Advertisers to lose $1.3 billion to fake followers in influencer marketing: Report
The figures represent about 15 percent of what the report predicts will be an $8.5 billion market this year in spending on global influencer marketing
A new report, from cybersecurity company Cheq and University of Baltimore economist and professor Roberto Cavazos, has revealed that fake followers in influencer marketing are likely to cost advertisers $1.3 billion this year.
Since influencer marketing has been hugely successful, brands try to reach their targeted audiences through social media. Even people with 500 to 1,000 followers on these platforms can make money by promoting products.
Brands pay huge sums globally in a year to promote their products through influencers who have a sizable following on top social media sites like Instagram, YouTube and Snapchat. But the report suggests that, for a good chunk of their spending, those advertisers may be getting ripped off. To appear more influential than they actually are, some influencers can buy fake followers and pay for bots to like or comment on their posts.
The fraud figure represents about 15 percent of what the report predicts will be an $8.5 billion market this year in spending on global influencer marketing. Cheq derived the expected fraud amount through an analysis of its own data (a review of services that exist to provide fake social media engagement, and research and surveys on the subject), Daniel Avital, Cheq’s chief strategy officer, reportedly said. The analysis was part of a series of reports Cheq is publishing on the monetary cost of bad actors on the internet.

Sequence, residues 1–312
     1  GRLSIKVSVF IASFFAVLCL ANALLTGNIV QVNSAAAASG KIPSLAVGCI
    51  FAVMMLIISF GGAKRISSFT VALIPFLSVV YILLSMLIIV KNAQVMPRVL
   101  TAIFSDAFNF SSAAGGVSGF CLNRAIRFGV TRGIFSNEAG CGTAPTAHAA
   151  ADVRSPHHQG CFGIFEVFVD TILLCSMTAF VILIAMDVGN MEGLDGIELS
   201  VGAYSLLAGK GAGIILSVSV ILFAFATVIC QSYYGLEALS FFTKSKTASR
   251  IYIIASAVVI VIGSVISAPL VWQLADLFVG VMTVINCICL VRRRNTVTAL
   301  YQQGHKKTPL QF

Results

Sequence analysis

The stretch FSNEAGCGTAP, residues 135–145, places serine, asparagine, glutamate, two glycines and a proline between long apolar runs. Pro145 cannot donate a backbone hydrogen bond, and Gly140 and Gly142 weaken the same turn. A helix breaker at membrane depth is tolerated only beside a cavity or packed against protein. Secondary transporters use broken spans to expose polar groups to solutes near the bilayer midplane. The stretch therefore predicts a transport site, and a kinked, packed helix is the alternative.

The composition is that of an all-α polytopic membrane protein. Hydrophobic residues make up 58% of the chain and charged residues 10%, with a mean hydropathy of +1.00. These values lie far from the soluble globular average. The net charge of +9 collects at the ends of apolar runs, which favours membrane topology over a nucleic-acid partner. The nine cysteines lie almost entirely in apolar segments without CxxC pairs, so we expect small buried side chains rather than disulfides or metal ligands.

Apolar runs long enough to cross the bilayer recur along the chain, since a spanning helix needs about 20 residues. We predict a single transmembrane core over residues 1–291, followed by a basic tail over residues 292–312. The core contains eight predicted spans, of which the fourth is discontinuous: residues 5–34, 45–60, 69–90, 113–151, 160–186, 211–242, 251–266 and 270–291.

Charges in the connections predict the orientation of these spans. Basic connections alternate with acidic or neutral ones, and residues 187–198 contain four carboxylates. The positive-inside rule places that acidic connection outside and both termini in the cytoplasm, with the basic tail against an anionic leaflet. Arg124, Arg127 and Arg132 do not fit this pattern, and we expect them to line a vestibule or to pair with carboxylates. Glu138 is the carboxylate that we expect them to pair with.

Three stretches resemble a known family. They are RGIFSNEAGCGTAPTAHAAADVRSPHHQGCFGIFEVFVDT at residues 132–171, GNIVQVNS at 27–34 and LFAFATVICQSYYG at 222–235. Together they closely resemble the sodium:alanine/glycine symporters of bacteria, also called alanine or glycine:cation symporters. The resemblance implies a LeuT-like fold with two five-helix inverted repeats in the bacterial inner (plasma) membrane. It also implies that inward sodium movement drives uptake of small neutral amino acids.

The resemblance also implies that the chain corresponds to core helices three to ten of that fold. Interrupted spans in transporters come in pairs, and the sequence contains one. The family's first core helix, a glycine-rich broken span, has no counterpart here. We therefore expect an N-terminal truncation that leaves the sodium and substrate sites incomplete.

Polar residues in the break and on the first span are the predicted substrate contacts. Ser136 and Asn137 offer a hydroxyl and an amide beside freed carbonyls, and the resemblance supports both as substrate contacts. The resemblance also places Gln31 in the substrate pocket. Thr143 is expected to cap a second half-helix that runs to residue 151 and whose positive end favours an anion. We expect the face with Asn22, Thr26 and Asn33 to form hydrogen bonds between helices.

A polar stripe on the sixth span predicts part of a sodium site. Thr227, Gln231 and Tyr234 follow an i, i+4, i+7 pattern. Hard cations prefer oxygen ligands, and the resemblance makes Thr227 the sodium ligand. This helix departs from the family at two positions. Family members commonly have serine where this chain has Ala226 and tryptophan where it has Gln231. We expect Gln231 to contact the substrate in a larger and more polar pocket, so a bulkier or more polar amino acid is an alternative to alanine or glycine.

Being a social media influencer can be profitable. According to the Cheq report, a 'micro influencer' with 10,000 followers can make $250 (Rs 17,000) for a sponsored post, while someone with a million or two followers can make $250,000 (Rs 1.75 crores approx.) per post.
“It used to be you had to be a Kim Kardashian or Kylie Jenner kind of person to be an influencer,” Avital was quoted as saying. Now there are so many “tiers of influencer” that people with very niche followings can get involved in the business.
He added that brands using influencer marketing should invest in their own vetting programs to ensure their influencers are legitimate. Though it requires time and labour, it’s “not a cybersecurity challenge,” he said. “It’s quite easy to understand if their followers are bogus.”
Consumers can also examine the legitimacy of influencers who are pitching them products by doing some analysis of their own. Social platforms too are making changes that might affect how fake influencers operate, for instance, Instagram is already testing banning the ‘like’ option.
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